Choosing green path to jobs
Program provides income, skills for youths
Summer jobs are hard to come by for young teens. Paper routes are scarce and often taken by adults with cars. Fast-food restaurants don’t hire anyone under 16, and day care centers have reduced the amount of baby-sitting jobs available. Yet 14-year-old Dave Howell not only earned income this summer, he also gained job skills that will serve him well throughout his life.
Howell joined Green Collar Jobs Service Corps, the youth employment and work force development component of Jobs Not Jails.
“I did three kinds of jobs,” he said. “I learned farming, lawn care and marketing.”
Jobs Not Jails is the youth entrepreneurship and employment initiative of Project HOPE (Helping Our young People Excel). According to its Web site, the goal of the organization is to inspire and organize a variety of worker-led and worker-owned/managed enterprises that will create a “green pathway out of poverty” for youth in the West Central neighborhood.
For Howell, it was an eye-opening opportunity. “I enjoyed lawn care,” he said. “I worked the weed whacker. I was the only one who’d wear long pants in 100-degree weather.”
Project HOPE and its components are the brainchild of West Central neighborhood activists Patrick and Connie Copeland Malone.
They created the organization in 2007 after being approached by Spokane Public Schools.
“The school district was looking for community partners,” Malone recalled. “One of the first things I recognized was the need to create an alternative to street life.” West Central had long been plagued by gang activity.
Simply put, if the community didn’t want youth prowling the neighborhoods, looking for trouble, then healthier, more beneficial pursuits must be found. Initially, Project HOPE partnered with Salem Lutheran Church and offered God’s Gym – weekly basketball nights for neighborhood youth. But Patrick Copeland Malone quickly realized a few hours of gym time a week wasn’t enough to keep kids out of trouble.
“There was a fundamental economic issue that all our good works and prayers weren’t impacting,” he said.
He believed young people needed to actively invest in their West Central community and become a source of solutions instead of the cause of problems.
When the Copeland Malones and a team of volunteers created Riverfront Farm two years ago, they found a way to get neighborhood youth involved from the ground up – literally. The farm is actually several urban gardens clustered around a renovated farm house on West Boone Avenue.
Last summer Project HOPE launched Green Collar Jobs and trained and employed five area teens. This year, volunteers raised enough funds to train 17 youths ages 11 to 15. And thanks to federal stimulus money, six young people ages 16 to 24 were added to the program. They rotated among lawn care, gardening and marketing teams.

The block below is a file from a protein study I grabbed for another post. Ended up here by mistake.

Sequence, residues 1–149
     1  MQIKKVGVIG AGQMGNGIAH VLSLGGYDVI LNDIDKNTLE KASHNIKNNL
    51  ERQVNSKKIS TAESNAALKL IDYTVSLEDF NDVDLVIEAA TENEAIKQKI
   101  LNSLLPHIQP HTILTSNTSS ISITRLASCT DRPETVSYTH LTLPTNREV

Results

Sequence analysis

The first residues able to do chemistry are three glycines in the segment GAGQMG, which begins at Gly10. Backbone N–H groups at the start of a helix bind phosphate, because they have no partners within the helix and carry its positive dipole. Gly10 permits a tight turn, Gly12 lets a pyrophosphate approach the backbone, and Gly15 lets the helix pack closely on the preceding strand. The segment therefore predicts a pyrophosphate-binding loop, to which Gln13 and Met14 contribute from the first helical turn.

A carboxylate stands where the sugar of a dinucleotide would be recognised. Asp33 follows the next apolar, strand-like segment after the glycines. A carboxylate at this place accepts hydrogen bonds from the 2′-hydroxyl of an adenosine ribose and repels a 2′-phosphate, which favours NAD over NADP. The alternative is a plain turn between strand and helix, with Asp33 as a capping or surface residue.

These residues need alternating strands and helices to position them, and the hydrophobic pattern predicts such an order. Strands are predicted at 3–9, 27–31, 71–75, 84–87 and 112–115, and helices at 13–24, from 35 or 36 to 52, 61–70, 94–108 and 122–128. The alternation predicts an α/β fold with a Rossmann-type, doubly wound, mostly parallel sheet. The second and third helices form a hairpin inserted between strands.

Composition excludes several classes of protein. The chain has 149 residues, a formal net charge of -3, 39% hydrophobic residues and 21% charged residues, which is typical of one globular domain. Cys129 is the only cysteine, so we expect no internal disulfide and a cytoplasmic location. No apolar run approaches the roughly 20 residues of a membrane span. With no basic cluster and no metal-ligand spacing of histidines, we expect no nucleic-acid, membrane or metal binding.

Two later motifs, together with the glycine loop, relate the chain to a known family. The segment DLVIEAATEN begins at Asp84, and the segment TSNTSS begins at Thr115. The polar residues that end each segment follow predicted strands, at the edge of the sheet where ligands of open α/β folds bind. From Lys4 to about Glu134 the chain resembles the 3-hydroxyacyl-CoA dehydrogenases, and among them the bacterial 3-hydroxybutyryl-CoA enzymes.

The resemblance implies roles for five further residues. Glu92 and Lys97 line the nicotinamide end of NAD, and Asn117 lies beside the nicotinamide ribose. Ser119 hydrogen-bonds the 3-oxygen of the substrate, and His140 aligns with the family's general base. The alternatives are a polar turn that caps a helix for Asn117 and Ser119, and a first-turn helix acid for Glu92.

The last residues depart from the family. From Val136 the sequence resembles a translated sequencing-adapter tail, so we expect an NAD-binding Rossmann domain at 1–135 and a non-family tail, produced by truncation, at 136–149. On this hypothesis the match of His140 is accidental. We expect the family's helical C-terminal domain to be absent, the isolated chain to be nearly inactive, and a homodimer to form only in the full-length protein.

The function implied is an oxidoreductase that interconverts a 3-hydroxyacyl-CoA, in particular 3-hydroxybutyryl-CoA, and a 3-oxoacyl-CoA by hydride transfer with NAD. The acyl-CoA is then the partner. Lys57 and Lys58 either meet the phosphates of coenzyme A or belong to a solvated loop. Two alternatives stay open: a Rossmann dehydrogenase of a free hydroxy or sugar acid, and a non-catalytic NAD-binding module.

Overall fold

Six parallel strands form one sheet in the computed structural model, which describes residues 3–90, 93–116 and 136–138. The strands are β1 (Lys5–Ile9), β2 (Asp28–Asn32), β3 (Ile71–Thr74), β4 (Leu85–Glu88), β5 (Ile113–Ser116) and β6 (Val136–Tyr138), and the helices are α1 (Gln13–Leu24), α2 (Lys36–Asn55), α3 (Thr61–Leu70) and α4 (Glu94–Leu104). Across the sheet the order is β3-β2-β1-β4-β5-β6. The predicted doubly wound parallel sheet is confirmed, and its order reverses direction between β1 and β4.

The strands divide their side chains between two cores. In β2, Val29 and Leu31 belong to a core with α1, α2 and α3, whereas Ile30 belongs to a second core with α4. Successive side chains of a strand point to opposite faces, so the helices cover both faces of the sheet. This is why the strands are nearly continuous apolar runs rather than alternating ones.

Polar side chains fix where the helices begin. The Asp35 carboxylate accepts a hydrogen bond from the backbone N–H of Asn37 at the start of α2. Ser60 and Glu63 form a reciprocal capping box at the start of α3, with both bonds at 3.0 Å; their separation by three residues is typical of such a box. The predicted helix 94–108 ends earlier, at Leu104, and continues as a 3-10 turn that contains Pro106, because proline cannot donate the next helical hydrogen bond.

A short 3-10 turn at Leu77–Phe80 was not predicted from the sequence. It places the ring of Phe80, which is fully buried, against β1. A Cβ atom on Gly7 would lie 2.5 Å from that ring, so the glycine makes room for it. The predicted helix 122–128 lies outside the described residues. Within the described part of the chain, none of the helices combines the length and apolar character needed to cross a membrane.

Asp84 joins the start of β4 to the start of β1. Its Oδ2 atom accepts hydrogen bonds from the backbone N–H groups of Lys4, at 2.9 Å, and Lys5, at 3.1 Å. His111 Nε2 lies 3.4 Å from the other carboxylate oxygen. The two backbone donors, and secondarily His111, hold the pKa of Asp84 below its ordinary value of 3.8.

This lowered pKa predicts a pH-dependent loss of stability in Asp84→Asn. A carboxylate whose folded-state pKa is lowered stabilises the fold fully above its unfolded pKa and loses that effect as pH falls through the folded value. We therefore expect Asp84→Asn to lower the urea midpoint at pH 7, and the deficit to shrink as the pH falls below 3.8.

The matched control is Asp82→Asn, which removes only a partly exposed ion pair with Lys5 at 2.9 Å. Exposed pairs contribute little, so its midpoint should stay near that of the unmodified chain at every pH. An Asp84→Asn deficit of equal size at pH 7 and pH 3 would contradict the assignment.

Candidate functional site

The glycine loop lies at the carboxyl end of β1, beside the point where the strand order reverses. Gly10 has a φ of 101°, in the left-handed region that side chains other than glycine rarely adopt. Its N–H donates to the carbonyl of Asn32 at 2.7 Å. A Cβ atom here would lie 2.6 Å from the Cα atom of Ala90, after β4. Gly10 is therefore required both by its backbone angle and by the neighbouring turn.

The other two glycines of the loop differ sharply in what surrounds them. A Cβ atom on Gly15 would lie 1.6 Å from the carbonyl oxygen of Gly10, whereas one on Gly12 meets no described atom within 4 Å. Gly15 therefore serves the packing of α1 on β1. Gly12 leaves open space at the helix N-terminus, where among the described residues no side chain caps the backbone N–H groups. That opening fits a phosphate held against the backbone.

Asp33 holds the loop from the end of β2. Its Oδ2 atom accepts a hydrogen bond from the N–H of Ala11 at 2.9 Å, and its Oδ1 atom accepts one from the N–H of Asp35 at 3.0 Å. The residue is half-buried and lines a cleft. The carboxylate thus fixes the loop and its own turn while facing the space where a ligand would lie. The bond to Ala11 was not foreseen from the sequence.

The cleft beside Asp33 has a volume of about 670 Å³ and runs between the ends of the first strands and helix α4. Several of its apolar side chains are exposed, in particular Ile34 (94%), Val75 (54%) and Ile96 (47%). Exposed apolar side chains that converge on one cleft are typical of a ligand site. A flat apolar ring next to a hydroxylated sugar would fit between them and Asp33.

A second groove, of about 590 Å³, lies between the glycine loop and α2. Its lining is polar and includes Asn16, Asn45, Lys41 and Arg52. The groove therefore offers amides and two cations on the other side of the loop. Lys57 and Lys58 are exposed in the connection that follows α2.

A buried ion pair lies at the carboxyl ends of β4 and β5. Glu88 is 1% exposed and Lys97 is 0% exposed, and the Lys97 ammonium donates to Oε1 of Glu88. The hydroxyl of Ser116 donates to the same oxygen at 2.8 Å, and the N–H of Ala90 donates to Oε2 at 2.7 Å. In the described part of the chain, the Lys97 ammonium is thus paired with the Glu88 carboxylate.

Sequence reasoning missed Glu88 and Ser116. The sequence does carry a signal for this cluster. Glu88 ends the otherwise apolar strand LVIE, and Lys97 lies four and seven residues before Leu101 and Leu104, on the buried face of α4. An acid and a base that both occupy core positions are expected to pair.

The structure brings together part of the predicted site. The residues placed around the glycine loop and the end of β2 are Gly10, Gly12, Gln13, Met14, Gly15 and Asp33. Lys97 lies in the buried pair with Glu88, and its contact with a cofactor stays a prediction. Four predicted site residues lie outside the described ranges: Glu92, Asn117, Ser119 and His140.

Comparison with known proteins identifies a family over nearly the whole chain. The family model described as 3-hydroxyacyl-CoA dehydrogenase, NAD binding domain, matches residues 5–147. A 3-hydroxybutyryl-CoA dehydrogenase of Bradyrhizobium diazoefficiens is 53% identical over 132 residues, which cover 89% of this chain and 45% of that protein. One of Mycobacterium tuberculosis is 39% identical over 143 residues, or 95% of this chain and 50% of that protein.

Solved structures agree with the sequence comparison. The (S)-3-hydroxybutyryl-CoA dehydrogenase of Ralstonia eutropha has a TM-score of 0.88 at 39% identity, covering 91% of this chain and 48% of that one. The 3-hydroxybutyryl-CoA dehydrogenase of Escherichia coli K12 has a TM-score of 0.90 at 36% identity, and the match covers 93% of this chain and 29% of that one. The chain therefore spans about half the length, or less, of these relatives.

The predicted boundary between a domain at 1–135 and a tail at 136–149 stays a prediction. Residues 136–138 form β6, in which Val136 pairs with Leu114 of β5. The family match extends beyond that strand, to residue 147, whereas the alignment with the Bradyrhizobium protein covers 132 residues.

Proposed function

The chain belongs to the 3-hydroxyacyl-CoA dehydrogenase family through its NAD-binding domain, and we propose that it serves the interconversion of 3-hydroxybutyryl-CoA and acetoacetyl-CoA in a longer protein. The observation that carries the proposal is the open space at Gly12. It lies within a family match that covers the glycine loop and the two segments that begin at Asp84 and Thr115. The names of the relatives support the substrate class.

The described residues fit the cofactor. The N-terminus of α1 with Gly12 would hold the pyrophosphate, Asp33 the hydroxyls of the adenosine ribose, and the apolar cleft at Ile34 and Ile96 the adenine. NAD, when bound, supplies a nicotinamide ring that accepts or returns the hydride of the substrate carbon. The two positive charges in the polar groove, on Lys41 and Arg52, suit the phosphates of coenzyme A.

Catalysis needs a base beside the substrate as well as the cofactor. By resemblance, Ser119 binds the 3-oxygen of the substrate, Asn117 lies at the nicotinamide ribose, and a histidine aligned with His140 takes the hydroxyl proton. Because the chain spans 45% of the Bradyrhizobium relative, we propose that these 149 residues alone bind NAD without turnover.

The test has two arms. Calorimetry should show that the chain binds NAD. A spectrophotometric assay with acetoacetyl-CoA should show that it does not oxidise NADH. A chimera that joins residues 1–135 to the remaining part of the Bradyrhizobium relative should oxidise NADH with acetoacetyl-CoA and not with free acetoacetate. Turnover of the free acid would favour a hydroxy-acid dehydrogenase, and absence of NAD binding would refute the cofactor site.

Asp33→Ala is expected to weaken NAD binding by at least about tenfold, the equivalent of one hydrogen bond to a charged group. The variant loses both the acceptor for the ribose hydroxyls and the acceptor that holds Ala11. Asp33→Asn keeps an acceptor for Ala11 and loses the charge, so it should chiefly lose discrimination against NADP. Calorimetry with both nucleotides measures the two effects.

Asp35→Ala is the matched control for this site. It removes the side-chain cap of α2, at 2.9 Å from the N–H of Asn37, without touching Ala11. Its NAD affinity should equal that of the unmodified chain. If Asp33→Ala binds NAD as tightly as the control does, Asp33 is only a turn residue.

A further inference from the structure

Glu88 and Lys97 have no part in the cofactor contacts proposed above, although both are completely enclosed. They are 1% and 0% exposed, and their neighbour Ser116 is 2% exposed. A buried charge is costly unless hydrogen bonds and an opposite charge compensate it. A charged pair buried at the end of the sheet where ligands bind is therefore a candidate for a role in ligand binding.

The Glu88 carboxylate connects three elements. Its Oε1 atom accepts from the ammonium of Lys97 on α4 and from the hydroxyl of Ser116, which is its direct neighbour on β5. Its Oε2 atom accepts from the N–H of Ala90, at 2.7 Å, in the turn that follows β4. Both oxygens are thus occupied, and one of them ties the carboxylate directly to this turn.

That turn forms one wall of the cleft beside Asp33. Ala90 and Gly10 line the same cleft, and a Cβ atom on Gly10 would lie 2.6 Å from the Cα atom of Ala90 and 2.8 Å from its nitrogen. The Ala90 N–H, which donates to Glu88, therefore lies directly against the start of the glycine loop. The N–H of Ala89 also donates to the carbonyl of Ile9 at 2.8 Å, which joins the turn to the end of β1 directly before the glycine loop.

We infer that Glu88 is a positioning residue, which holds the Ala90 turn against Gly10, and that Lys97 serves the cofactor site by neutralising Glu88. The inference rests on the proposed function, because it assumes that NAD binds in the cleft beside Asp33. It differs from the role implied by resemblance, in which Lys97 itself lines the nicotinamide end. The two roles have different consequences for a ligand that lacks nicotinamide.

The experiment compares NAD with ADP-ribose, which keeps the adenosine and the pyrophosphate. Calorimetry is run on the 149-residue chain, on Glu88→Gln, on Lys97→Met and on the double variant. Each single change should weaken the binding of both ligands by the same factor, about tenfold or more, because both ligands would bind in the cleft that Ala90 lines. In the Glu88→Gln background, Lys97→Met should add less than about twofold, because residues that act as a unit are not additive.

They learned more than just job skills. Board member and volunteer Andrew Larson said every Friday was class day. Subjects ranged from basic first aid to food preparation. Larson, a chef by trade, taught a cooking class at the farm house.
Larson laughed as he recalled the reaction of the young people when they first ventured out into the gardens. He said, “One girl said, ‘Wow! That’s lettuce?’ ” Many of them had never seen food growing.
“They learned the connection,” Larson said. “Yes, your food comes from the ground – yes you can grow it.” Thanks to Larson, they also learned how to prepare it and then got to sample the delicious flavors of freshly roasted herbs and vegetables. “They just got so fired up and excited,” Larson said.
The youths also learned basic retail and marketing skills when they worked at the West Central Farmers Market. That’s what 15-year-old Allyson Asher enjoyed the most. “I liked using the cash register and talking to people,” she said. “I got a better understanding of the neighborhood. The people here are really nice – it’s not such a bad neighborhood.”
During their lawn care rotation, the youths mowed and weeded for low-income, elderly or disabled residents. “We got up to doing 12 lawns a week by the end of summer,” said Patrick Copeland Malone. “The kids did a great job – people were pleased.”
Watching the teens work hard to beautify the area had a positive effect on neighbors who’d grown leery of teenagers. “There can be a reluctance – a sense of fear,” Patrick Copeland Malone said, describing the attitude of some adults. “In a small way, by gardening, weeding and mowing lawns, we can bridge that gap.”
In addition to making a difference in their neighborhood, the teens came away with important employment skills. Larson said, “They’ve got a head start as far as the job market.”
Green Collar Jobs site supervisor Daniel Henry agreed. He said the youths were expected to show up on time every day, wearing their Green Collar Jobs T-shirts. Failure to meet expectations resulted in docked pay. Henry sees lasting value in teaching kids the benefits of hard work.
“This kind of thing can be duplicated in other neighborhoods throughout the city,” he said. “Our kids, our community and our society will benefit.”